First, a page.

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Source of Trouble

Religious myths have a tendency to grow despite the clearest evidence to the contrary. Now, where Hindu beliefs about the site of the mosque were clearly vague and contradictory, it was the turn of a section of Muslims to claim with pride that at Ayodhya mosques had, indeed, been built after the destruction of temples on the sites of Hindu holy places. It was this growth of bravado which exacerbated relations between the two communities, and which resulted in a serious clash at Ayodhya under the Awadh Nawabs in 1855. Under the shadow of bitterness of that clash, a fiery tract was composed by Mirza Jan in A.H. 1272 A.D. 1855-56 under the title Hadiqa-i- Shuhada. This book contains a passage allegedly quoted from a persian work Sahifa-i-Chihal Nasaih-i Bahadur Shahi, said to be written by "a daughter of Bahadur Shah ' Alamgir (Sic)".

The other claims of the polytheistic Hindus situated in Mathura, Benaras, Awadh (Ayodhya) etc., which the wretched infidels believe to be the birth place of Kanahya (Krishna), or the rasoi (Kitchen) of Sita or the residence of Hanuman, in which, they say, Ram established on him after the conquest of Lanka, have been destroyed, and for the strengthening of Islam mosques have been established all these sites; let them not leave these mosques without firday prayers and congregation." (printed book, Habibganj Collection, Urdu, 32/115, Maulana Azad Library, P.114).

Since much has been made of this quotation supposedly from the pen of a Mughal princess, it is important to note that the author himself confess that he had read the book forty years before he was writing, and claims that he had then copied the passage. This on the face of it is very implausible. The princess remains unnamed, and her father Bahadur Shah is given the title 'Alamgir', which not he but his father Aurangzeb (d.1707) had borne. No work by a daughter of Bahadur Shah or bearing the title Sahifa-i Chihal Nasa-i Bahadur Shah is known to exist in any collection anywhere in the world. One fails to locate it in C.A. Storey's Persian Leterature-a bio-bibliographical survey, or D.N. Marshall's comprehensive Mughals in India – a Bibliographical Survey, Vol I: Manuscripts. It is very likely, therefore, that the work or the passage was a figment of Mirza Jan's imagination.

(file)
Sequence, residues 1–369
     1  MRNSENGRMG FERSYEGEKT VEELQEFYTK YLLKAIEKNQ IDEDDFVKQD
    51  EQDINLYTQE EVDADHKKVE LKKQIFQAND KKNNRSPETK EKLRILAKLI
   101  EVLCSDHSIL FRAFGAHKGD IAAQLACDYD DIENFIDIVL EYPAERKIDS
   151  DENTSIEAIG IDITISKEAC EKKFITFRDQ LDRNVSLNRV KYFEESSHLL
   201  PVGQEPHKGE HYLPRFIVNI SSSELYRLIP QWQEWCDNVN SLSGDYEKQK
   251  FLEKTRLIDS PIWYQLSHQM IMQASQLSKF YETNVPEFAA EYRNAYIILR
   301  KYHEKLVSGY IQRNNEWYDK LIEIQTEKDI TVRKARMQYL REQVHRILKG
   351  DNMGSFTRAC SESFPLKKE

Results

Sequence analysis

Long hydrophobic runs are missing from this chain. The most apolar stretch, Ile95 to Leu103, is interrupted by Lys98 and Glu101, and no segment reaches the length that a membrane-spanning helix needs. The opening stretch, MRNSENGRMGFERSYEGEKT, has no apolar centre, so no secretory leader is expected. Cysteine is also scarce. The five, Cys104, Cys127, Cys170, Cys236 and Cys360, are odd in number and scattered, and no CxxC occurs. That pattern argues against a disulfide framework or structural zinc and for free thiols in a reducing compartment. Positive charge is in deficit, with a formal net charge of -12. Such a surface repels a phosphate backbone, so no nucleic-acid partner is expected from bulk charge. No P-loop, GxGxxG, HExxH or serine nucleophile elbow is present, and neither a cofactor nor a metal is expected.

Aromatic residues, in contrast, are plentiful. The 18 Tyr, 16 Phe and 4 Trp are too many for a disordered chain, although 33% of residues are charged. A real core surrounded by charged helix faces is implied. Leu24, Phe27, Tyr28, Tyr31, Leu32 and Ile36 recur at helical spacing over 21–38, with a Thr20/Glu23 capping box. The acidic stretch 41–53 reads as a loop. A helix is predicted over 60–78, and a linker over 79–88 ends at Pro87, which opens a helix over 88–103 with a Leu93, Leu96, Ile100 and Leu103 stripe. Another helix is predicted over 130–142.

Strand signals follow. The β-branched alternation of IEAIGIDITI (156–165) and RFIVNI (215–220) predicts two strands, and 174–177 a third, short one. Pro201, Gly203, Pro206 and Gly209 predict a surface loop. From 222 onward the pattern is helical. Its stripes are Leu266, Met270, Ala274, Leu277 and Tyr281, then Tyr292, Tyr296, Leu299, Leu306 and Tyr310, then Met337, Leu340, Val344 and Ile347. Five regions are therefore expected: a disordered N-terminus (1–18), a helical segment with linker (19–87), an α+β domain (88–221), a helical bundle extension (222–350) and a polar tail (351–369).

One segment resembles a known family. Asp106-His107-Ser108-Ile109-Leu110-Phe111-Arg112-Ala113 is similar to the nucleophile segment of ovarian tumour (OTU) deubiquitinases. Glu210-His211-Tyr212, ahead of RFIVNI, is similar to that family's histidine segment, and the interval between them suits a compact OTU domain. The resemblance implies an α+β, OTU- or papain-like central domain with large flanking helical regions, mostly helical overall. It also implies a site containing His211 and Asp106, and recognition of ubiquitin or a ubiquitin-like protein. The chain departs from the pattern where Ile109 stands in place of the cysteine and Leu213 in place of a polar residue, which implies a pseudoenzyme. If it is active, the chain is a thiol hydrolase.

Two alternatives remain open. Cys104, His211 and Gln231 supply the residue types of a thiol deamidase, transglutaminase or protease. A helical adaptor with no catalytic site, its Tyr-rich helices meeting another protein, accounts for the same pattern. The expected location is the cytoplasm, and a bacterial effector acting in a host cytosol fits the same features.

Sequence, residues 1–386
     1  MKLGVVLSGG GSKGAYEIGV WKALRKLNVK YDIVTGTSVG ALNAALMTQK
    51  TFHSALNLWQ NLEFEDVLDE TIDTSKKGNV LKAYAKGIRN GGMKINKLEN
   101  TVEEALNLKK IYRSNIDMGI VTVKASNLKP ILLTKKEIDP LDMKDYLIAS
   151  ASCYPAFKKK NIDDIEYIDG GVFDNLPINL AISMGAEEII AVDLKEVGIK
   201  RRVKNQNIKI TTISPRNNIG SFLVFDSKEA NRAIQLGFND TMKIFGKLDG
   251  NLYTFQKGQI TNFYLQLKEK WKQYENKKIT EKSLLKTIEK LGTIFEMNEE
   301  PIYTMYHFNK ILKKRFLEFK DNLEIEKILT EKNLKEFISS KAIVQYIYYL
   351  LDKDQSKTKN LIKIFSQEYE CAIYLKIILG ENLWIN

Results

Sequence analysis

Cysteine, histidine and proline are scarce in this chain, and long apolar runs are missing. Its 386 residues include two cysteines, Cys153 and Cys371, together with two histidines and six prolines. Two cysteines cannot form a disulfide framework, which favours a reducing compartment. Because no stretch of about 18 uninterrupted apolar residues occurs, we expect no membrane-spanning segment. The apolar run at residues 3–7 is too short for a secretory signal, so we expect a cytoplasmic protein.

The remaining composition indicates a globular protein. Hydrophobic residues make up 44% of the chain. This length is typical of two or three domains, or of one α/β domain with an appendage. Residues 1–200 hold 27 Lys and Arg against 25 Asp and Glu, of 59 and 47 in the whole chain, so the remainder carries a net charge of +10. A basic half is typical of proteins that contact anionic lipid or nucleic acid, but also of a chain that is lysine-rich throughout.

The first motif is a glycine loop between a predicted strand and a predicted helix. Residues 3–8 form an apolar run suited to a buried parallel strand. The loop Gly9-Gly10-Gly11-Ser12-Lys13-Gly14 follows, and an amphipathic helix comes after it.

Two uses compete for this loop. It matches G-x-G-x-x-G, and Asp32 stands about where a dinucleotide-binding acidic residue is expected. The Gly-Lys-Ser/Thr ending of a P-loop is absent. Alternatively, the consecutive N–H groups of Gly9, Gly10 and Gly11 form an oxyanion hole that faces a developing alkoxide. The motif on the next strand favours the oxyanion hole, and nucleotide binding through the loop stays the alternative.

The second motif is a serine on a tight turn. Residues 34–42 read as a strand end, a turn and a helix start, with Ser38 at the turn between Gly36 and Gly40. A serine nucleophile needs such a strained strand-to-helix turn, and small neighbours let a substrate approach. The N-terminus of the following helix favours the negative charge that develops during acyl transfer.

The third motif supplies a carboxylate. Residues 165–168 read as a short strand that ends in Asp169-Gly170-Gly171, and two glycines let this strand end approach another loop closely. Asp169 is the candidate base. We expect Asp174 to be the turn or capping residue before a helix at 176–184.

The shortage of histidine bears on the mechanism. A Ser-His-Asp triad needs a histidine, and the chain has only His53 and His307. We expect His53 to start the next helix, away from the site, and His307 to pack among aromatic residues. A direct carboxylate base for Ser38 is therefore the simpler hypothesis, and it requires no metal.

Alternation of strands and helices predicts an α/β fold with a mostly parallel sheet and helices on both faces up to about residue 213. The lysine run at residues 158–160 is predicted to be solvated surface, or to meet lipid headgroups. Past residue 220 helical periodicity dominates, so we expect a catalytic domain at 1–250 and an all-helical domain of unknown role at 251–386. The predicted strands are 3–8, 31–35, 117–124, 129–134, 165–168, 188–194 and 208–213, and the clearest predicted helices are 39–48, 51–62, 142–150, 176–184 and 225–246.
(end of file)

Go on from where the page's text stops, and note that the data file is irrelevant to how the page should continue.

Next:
While in his so called quotation from the Counsels of the Mughal princess Mirza Jan only speaks of a temple at the site of Sita-ki-rasoi being destroyed he goes on himself to say that the Baburi Masjid was built at Rama's birthplace by destroying the temple of Ram Janamsthan, close to Sita-ki-Rasoi, so that the mosque, was then known as Sita-ki-rasoi. Thus the legent had grown to Rama's birth site had been added Sita's kitchen; and Mirza Jan was exulting in the the supposed destruction of a temple here, of which generations of earlier Hindus and Muslims were unaware.

Subsequent to Mirza Jan's tract – in fact, subsequent to the clash over the Baburi Masjid in 1855 – the myth that the Masjid was built on the site of a destroyed temple became the common possession of the partisans of the two communities. How the legend could grow, out of a sense of bravado and revenge on both sides, is illustrated by the series of Urdu tracts, which VHP triumphantly lists. Lack of space prevents an analysis of this material; but it is enough to say that no evidence, nor already discussed by us, is presented in this literature. It is only illustrative of the growth of the mentality of modern communalism; its authority for what stood at the site before the Baburi Masjid was built is nil."